Have you ever wondered why some people have a seemingly endless supply of motivation, and some people struggle every day? I’d like to share some insight into the brain science behind motivation, and how you can discover what it could be called your “Big Why”.
What you have to know is that the source of your deepest motivations starts in your brain. Neurotransmitters spark chemical messages to keep you alert and on task. The pathway these neurotransmitters take as you contemplate decisions and actions helps you recognise that something important — good or bad — is about to happen, and place a value on your ideas.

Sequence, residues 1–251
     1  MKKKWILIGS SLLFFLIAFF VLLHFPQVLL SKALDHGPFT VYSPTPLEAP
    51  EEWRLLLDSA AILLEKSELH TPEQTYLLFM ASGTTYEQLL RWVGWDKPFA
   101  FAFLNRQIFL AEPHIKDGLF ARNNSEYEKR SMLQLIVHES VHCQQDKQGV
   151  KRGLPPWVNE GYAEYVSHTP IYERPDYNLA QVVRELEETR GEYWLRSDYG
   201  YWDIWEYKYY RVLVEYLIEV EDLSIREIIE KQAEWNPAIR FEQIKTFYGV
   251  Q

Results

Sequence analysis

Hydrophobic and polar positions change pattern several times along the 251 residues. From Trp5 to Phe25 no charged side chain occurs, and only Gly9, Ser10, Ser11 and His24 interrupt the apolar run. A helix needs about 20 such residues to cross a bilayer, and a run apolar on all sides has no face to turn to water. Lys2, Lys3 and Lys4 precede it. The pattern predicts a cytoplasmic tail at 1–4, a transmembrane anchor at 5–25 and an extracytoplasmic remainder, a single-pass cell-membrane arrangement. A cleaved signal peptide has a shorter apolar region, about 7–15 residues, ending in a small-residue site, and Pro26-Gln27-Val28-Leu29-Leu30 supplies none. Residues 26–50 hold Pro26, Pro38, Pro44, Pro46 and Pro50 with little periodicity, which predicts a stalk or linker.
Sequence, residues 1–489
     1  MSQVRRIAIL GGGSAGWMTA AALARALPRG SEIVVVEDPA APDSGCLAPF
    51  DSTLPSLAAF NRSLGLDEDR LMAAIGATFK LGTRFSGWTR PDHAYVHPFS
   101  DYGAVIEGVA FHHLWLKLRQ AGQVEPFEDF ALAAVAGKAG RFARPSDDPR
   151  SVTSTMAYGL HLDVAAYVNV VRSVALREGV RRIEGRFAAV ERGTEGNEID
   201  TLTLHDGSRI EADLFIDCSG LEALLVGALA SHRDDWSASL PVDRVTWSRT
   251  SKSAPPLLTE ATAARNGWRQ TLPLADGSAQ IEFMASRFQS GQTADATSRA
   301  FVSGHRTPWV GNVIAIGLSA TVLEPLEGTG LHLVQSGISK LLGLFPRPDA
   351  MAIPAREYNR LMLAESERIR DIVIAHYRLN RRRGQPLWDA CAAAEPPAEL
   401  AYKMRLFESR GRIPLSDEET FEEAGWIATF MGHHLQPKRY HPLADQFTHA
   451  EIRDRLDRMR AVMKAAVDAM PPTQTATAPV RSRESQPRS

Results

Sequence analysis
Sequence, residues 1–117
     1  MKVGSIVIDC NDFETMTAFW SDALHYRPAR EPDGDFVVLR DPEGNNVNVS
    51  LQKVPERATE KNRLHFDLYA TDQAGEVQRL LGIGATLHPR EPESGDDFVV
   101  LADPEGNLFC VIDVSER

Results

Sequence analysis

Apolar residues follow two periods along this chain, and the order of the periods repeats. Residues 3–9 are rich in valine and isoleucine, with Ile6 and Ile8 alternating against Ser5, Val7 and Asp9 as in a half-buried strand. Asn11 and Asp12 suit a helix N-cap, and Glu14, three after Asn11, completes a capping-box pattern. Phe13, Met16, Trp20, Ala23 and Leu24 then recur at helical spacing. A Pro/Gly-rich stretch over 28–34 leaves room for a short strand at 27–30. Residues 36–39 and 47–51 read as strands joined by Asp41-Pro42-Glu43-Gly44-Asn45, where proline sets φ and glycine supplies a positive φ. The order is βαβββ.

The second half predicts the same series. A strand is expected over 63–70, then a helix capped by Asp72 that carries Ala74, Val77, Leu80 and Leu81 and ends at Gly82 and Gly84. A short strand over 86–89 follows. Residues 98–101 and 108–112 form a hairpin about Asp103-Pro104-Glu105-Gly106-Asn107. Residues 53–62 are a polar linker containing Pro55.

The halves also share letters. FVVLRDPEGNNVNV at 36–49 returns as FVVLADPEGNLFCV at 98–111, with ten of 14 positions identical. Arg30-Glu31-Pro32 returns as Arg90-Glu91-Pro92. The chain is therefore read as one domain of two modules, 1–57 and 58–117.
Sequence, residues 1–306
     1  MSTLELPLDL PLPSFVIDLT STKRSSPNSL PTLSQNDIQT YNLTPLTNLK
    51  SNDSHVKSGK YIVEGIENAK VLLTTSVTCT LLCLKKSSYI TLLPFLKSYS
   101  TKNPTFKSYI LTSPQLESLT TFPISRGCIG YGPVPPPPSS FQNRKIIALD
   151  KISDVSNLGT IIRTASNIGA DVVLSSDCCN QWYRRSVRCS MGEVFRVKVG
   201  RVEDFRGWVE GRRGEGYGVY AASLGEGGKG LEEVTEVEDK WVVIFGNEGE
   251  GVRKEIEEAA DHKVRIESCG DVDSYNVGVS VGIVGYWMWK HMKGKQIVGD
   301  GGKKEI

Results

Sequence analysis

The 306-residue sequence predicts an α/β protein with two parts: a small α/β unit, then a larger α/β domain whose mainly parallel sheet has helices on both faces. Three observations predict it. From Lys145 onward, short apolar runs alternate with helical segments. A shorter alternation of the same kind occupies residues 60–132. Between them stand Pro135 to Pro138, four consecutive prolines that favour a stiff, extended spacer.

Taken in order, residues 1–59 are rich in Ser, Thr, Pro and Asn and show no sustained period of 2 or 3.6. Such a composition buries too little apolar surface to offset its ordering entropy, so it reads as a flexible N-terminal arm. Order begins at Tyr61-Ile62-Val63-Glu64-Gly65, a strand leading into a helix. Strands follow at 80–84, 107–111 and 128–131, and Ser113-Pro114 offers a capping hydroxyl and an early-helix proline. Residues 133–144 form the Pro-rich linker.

Things like tapping, meditation, self-reflection and mindfulness can help stimulate those pathways in your brain. They can also help you gain clarity to identify and understand the ideas or goals that hold the deepest meaning to you, or your “Big Why”.
As soon as you are able to define your “Big Why”, your thoughts and actions will be filled with more purpose and meaning. You will feel calmer and make less mistakes. Most importantly, you will have the motive for action to make the transition from idea to action, from aspiration to achievement, in your personal, professional and spiritual life.
Now, what you can takeaway is:
Set a goal, but take the time to dig deep and find the intrinsic value of attaining that goal. This will drive the motivation to succeed and feel fulfilled along the way.